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Doctors' Answers to "Frequently Asked Questions" - Persantine


These comments are made for the purpose of discussion and should NOT be used as recommendations for or against therapies or other treatments. An individual patient is always advised to consult their own physician.

Persantine for Treatment of Stroke
Question: Persantine 25mg was recently prescribed for me for stroke related symptoms. How effective is this drug in the prevention of stroke and what are the side effects?

Answer: Most physicians consider this drug worthless for stroke prevention. However, the options in women are limited since aspirin is of limited/no value in women (very effective in men) and the only option is Ticlid which is expensive and has some potential severe side effects. If you don't have documented TIAs and/or significant vascular disease, I wouldn't use Ticlid due to the risk/benefit ratio. There currently is no drug in women which has low side effects and is effective. Consequently, some physicians use Persantine, but the studies show marginal benefit at best.

Eye Floaters
Question:My husband suffered chest pains, which we now believe were from ulcers. But his doc wanted his heart checked, and so my husband, 59 and in excellent health was given a persantine scan (drug is also called dipryridamole). He had a bad reaction immediately, severe headache, felt like eyes were being affected. Hospital did the test (which turned out negative as to heart trouble), then gave an antidote. Two days later husband's left eye developed floaters. He went to eye doc who said the persantine couldnt have caused it, and retina is OK. Now right eye also has floaters, and husband is very upset and bothered by these. Retinal specialist says dont worry, it's nothing, will go away eventually. We find this hard to believe. Persantine drug lit mentions visual disturbances. We dont know what to do next. Whether to wait to see if retinal specialist is correct, or to seek second opinion. We're very mad at doc for giving him the persantine without warning of side effects. We're concerned that retinal doc doesn't see a connection between the two when it seems obvious to us. What should we do next? How do we report this side effect to the drug? Docs here seem irritated that we're upset, but my husband can hardly see or read because of the floaters in his eyes! He's fearful they will never improve. Would appreciate some outside expert suggestions and opinions. Also should this be reported to the FDA?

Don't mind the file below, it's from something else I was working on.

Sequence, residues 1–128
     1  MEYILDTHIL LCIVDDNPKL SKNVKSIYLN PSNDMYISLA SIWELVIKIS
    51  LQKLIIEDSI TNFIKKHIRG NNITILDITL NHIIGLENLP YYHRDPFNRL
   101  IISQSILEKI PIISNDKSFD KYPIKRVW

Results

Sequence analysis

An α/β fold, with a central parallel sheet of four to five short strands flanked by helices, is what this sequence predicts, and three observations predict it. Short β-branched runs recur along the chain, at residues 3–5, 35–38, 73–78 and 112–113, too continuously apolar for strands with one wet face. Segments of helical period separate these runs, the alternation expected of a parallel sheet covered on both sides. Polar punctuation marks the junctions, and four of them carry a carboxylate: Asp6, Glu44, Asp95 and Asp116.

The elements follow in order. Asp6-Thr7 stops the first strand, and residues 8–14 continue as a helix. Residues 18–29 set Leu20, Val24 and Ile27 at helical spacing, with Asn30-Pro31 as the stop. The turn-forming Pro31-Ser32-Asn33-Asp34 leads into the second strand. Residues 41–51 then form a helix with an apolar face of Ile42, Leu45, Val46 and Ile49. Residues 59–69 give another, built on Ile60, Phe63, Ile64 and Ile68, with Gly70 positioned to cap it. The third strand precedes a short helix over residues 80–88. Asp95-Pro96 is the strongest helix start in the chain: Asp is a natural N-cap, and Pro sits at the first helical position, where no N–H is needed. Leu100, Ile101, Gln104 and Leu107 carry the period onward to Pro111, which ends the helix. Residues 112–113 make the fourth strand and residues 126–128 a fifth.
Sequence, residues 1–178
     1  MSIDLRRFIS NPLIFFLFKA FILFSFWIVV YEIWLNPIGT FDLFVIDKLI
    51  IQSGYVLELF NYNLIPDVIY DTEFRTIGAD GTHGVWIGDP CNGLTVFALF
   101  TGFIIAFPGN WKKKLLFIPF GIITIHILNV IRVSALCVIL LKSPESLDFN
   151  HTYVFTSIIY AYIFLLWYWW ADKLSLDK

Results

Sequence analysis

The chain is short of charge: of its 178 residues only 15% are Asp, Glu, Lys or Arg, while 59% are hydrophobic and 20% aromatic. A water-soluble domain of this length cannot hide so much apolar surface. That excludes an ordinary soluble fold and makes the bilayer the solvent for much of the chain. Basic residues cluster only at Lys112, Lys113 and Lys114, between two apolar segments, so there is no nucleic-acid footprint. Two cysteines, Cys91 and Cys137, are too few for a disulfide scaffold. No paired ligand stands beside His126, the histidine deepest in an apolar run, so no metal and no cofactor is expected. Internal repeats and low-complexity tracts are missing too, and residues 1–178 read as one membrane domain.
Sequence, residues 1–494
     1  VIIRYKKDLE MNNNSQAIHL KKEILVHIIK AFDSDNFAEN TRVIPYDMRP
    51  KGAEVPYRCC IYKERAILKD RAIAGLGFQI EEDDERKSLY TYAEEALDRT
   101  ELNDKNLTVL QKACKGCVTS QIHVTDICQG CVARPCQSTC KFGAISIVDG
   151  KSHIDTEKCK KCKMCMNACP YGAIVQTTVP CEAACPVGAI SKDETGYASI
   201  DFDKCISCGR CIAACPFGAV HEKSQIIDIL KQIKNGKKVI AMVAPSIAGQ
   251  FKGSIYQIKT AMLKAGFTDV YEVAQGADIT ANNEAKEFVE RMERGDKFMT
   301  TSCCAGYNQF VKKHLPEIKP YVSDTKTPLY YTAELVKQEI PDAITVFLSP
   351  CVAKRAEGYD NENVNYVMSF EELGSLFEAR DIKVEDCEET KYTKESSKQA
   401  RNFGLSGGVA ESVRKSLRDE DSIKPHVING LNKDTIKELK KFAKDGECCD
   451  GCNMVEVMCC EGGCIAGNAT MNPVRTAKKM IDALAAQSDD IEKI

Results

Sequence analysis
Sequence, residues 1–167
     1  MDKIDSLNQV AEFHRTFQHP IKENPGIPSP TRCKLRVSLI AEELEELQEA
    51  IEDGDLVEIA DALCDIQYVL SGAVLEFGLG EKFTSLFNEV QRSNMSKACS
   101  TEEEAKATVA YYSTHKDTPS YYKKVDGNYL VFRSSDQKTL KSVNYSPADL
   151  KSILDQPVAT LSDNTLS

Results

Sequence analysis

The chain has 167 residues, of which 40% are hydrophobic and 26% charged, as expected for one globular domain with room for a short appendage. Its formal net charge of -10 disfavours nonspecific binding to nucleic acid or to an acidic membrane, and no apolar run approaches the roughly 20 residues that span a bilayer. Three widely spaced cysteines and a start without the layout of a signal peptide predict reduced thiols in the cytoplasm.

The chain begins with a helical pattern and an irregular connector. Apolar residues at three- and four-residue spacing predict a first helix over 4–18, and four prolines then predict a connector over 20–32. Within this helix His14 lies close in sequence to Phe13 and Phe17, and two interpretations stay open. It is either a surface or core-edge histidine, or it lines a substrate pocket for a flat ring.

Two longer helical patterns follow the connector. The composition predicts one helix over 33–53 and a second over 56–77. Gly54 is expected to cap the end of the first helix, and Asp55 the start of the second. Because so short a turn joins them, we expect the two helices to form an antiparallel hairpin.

Answer: Floaters are caused by debris in the vitrous of the eye. This is almost always from the retina and may occur spontaneously or as a result of trauma. These floaters will not go away since they represent cells floating in the liquid part of the eye. The eye has no ability to filter or remove these cells. Persantine stress tests are administered when the person is physically or mechanically unable to perform a treadmill or bicycle exercise load. This is usually due to severe lung disease or severe limiting conditions of the legs which limit the ability to walk. Persantine loads the heart and produces an artificial load which is then followed by the EKG. There are side effects and these should he explained in detail prior to the test. Like any stress test, there have been major problems-inclu(ling death-and they should not be performed lightly. Whether this was due to the persantine is not clear. There is an adverse drug reaction form available from the NlH-l'd recommend that your doctor fill one out. This does not imply that the cause was persantine;but, does give an information base to the NIH to follow unusual or uncommon reactions.
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